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05 February 2016

Family offices in the Middle East

What are the main legal risks facing family businesses in the Middle East? Is there a change in the mind-set with regard to implementing modern business practices?

At the macro level the Organisation for Economic Co-operation and Development is increasingly tightening their transparency initiatives at a time when globalisation is increasing competitive pressures.

In addition, geopolitical tensions are rising globally. The adoption of best practice codes of corporate governance assists with transparency and better outcomes.

At the family business level succession planning will be a key consideration for families to ensure a smooth transition to the next generation and ensure longevity. The mind-set in relation to corporate governance is changing as evidenced by the increasing popularity of Family Charters and Family Council governance mechanisms.

How important is it for family businesses to embrace a trust structure?

The most robust succession and wealth protection vehicle is the English law trust. However, it should be noted that other succession planning vehicles could also be considered and compared with the trust, for example:

  • a foundation
  • a family investment company, with different classes of shares and share rights, or
  • a limited partnership, where the patriarch can retain voting control whilst passing on some of the economics to the next generation. 

Comparing and contrasting the different vehicle options will ensure an informed choice is made before any single succession vehicle is adopted.

What can a family business do to ensure stability? Is there a one-size-fits-all approach?

Given all families are different and have their own likes and dislikes there is no one-size-fits-all approach. However, the family owners should consider:

  • adopting best practice in terms of corporate governance standards, and
  • a Family Charter which will clearly set-out the rules of the family members, including their interaction with the business executives (for example, by confirming who the family business board should report to in the event of the death of the patriarch).

The setting-up of a family office (“FO”) can assist can also assist in investing and diversifying the family’s wealth, thereby reducing the risk of having all the families wealth in a single business and region.

This a key reason why international families are increasingly setting-up up FOs in London, in particular given London’s expertise in global investment management.

A top tip for the general counsel of a family business who may be considering the restructuring option.

The key issue to consider is whether the current holding structure:

  • is robust in terms of transparency, substance and good governance, and
  • has full access to bilateral investment and tax treaties.

The UK, UAE and Luxembourg are key holding jurisdictions to consider in meeting these key objectives. A combination of both holding jurisdictions could also be attractive in certain circumstances.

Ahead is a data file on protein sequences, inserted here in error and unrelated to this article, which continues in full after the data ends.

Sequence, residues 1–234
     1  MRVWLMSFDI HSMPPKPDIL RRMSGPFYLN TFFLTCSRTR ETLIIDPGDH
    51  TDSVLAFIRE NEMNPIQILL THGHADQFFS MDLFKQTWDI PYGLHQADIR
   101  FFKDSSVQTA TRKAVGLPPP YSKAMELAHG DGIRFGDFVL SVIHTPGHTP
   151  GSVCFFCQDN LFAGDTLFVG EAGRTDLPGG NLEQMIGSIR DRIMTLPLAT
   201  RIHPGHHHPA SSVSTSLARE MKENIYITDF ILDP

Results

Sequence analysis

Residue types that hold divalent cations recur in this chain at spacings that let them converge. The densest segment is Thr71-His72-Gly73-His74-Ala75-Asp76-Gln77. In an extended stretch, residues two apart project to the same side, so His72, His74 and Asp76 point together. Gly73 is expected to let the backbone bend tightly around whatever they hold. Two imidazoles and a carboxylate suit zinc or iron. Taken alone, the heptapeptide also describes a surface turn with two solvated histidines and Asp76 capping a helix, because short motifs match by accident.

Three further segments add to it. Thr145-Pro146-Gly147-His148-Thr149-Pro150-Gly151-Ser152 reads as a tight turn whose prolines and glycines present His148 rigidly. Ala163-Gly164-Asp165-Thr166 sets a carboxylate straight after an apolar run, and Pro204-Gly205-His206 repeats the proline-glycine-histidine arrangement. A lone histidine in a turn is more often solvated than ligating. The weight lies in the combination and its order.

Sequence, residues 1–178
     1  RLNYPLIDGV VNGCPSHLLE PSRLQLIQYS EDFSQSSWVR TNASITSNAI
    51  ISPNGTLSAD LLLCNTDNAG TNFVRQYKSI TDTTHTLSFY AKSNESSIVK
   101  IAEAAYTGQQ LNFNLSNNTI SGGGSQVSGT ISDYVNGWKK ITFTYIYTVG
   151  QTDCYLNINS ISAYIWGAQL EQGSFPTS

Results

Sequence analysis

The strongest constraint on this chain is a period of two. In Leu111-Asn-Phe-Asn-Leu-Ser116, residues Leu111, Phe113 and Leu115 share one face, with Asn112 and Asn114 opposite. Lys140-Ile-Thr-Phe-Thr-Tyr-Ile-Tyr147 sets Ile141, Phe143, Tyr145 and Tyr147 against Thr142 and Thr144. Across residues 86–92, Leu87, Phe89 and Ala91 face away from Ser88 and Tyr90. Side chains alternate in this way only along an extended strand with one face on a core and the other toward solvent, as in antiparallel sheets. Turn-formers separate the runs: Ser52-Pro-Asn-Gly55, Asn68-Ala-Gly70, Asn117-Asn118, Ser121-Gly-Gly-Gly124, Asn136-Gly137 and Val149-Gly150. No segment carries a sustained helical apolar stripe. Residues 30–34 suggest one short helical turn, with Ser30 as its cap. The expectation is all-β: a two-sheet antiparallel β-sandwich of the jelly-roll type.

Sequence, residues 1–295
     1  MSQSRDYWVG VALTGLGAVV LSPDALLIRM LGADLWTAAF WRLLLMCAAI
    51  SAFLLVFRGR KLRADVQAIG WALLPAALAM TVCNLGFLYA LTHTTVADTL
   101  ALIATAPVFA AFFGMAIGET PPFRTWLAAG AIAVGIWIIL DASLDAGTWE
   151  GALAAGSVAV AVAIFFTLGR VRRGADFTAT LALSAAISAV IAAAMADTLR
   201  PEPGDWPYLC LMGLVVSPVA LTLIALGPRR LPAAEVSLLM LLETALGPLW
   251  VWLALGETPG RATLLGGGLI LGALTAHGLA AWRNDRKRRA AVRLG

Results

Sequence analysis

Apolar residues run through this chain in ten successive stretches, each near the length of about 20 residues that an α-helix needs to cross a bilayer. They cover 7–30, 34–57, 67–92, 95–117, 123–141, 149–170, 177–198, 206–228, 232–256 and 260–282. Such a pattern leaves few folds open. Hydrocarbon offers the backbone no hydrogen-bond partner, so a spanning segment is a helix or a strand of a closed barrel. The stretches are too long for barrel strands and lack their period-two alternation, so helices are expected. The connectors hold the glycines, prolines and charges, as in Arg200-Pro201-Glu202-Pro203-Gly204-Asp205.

We recently acted for an Egyptian family business in their holding company restructuring where the key drivers were transparency whilst retaining confidentiality (for individual family members/owners).

A UK operating holding company was ultimately adopted to hold the Middle Eastern based global manufacturing business.

Do you think the slide in oil prices will have a negative effect on private wealth?

In the short term, the fall in oil revenues will inevitably impact some businesses more than others. For example, oil service companies will be impacted more than airline businesses.

However, should the oil price stay down for an extended period then more sectors of the regional economy will be negatively impacted.

To some extent we as a firm are already seeing a flight to safety to London prime residential property.

Private wealth in the MEA region is projected to reach approximately USD7.2trillion by 2018. Is the Middle East well-positioned with laws and regulations to tap this opportunity?

Yes. Both the geographical positioning of the Middle East between the cross-roads of Europe and Africa on the one hand and Europe and Asia on the other gives the region a unique time zone and location advantage in terms of effecting business between the key African and Asian growth regions and the West.

In particular, the UAE’s signing of a number of comprehensive tax treaties and bilateral investment treaties with a number of African and other countries further enhances the regional attraction of basing a holding company in the UAE for the purpose of inbound investment into the region and beyond.

In particular, the use of a UK (family) holding company with a UAE sub-holding company should, in certain circumstances, be considered.

This article was written by Ashley King-Christopher.

For more information, please contact Ashley on +44 (0)20 7427 6630 or